Kelvey Vander Hart

If you need a flu shot, you could make an appointment with your physician, wait at a potentially inconvenient location, and likely receive an expensive bill. Or, you could head to your local grocery store and quickly receive the shot for under $30 with additional incentives like discounted shopping coupons. Some places like Walmart have even delivered flu shots for free, realizing they are a way of getting people into the store.

Why is there such a difference between the two? Charles Silver and David Hyman, authors of Overcharged: Why Americans Pay Too Much for Health Care, argue that it is because of the free market.

Traditional providers, like hospitals and clinics, are expensive and inconvenient for the consumer because their pricing is primarily based on what insurers will pay. In comparison, retail providers, like the clinic found in your grocery store, have to price their services in order to attract customers and strive for convenience. The two offer many of the same services but have completely different ways of doing business.

Retail providers are becoming an increasingly disruptive challenger of traditional providers. This should not be surprising—when providers are able to compete the results typically are lower-priced and more attractive options for the consumer. Just as internet shopping is disrupting brick-and-mortar businesses, retail medicine is disrupting traditional medicine, an industry that is used to being insulated from competition.

A great example of this is the way retail medicine is transforming audiology. While traditional audiologists charge steep prices for hearing aids and hearing checks (with additional charges for things like testing, warranties, and damage coverage, which can often make up 70 percent of the total price of a hearing aid), retailers are improving services while lowering costs. Costco Hearing Aid Centers offer similar services to that of audiologists without the additional charges.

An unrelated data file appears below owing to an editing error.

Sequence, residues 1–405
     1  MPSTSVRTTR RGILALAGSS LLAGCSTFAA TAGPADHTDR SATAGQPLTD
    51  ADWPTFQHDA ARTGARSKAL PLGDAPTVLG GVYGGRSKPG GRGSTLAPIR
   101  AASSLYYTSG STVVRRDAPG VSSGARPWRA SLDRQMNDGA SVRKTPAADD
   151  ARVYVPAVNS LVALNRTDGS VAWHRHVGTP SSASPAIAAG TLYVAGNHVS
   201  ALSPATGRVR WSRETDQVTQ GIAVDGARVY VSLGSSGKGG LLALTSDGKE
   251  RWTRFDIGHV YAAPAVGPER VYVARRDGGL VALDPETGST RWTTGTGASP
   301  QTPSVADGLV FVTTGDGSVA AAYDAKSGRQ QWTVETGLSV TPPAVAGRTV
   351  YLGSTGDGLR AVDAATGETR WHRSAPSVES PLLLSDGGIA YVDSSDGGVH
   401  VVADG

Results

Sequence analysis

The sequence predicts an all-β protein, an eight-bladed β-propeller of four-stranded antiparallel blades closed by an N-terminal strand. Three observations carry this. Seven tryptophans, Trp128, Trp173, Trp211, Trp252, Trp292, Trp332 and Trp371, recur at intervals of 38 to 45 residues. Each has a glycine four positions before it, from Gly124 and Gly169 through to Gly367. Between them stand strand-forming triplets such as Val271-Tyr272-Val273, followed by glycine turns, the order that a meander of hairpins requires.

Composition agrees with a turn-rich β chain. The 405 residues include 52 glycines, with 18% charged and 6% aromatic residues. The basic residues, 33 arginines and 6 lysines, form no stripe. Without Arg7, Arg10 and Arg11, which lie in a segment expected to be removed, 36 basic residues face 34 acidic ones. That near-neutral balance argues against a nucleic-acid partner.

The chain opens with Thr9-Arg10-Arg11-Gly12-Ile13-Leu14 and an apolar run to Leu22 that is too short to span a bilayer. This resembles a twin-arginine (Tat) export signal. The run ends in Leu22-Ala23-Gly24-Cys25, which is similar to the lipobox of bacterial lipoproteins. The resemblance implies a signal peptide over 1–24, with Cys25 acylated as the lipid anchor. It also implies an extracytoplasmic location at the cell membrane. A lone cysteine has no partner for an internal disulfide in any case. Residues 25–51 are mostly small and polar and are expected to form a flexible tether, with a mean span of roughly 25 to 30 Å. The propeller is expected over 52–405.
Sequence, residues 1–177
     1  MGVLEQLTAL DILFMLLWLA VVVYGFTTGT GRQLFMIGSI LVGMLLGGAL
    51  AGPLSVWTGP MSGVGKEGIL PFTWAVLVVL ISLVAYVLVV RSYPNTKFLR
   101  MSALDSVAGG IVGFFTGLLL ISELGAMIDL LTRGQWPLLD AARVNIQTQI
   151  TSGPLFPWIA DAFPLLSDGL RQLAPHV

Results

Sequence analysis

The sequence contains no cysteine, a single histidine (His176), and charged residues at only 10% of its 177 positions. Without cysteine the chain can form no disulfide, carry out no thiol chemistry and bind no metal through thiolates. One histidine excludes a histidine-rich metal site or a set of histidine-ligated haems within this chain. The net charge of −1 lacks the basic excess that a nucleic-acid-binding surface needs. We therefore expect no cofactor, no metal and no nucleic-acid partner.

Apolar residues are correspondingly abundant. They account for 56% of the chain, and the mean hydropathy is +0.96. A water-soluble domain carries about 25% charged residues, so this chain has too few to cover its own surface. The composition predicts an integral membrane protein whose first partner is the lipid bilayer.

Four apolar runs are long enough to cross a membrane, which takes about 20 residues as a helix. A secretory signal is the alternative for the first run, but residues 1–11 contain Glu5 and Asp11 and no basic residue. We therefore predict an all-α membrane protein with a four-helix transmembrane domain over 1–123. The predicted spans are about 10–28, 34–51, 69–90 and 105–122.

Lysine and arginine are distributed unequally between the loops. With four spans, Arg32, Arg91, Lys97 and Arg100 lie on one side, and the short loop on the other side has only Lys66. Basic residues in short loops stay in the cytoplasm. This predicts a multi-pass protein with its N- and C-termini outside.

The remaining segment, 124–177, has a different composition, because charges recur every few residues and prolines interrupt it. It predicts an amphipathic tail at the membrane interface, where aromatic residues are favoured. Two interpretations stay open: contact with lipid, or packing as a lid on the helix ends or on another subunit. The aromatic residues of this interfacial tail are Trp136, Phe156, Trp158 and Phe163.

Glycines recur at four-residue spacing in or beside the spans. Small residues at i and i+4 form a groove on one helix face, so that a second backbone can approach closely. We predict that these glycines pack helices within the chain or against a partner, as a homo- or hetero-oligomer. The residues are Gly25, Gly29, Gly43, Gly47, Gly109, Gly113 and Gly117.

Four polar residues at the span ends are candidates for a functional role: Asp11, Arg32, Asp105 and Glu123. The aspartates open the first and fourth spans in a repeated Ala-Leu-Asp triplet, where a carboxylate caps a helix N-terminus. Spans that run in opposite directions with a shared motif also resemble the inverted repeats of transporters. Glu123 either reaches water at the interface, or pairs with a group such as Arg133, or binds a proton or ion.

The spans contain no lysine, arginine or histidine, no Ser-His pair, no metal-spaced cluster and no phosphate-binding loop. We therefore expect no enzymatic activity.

Silver and Hyman write:

As more retailers enter the field, prices will become easier to compare and competition will intensify. Bargain-hungry consumers will look for better deals, but they will be interested in quality too . . . With pressure on both quality and price, retail offerings are bound to improve. (pg. 325)

Competitive pricing offered by the retail sector also allows people to avoid markups that come with using third-party payers. While most retail providers take insurance, patients pay out-of-pocket one-third of the time. In contrast, patients who visit primary care doctors pay out-of-pocket only ten percent of the time. Silver and Hyman view this as an important factor in the success of retail providers:

When we pay for health care the same way we pay for other services—by spending our own money instead of an insurer’s—good things happen: prices fall and quality improves as providers compete for business. (pg. 320)

Competition provides good things indeed. Want to learn more about market solutions for health care problems? Join us in St. Louis or Kansas City to learn more from Cato Institute scholars Charles Silver and David Hyman as they discuss why the American health care system is so dysfunctional and costly.



About the Author

Kelvey Vander Hart
Kelvey Vander Hart
Development Assistant

Kelvey Vander Hart is originally from Des Moines, Iowa, and joined the Show-Me Institute through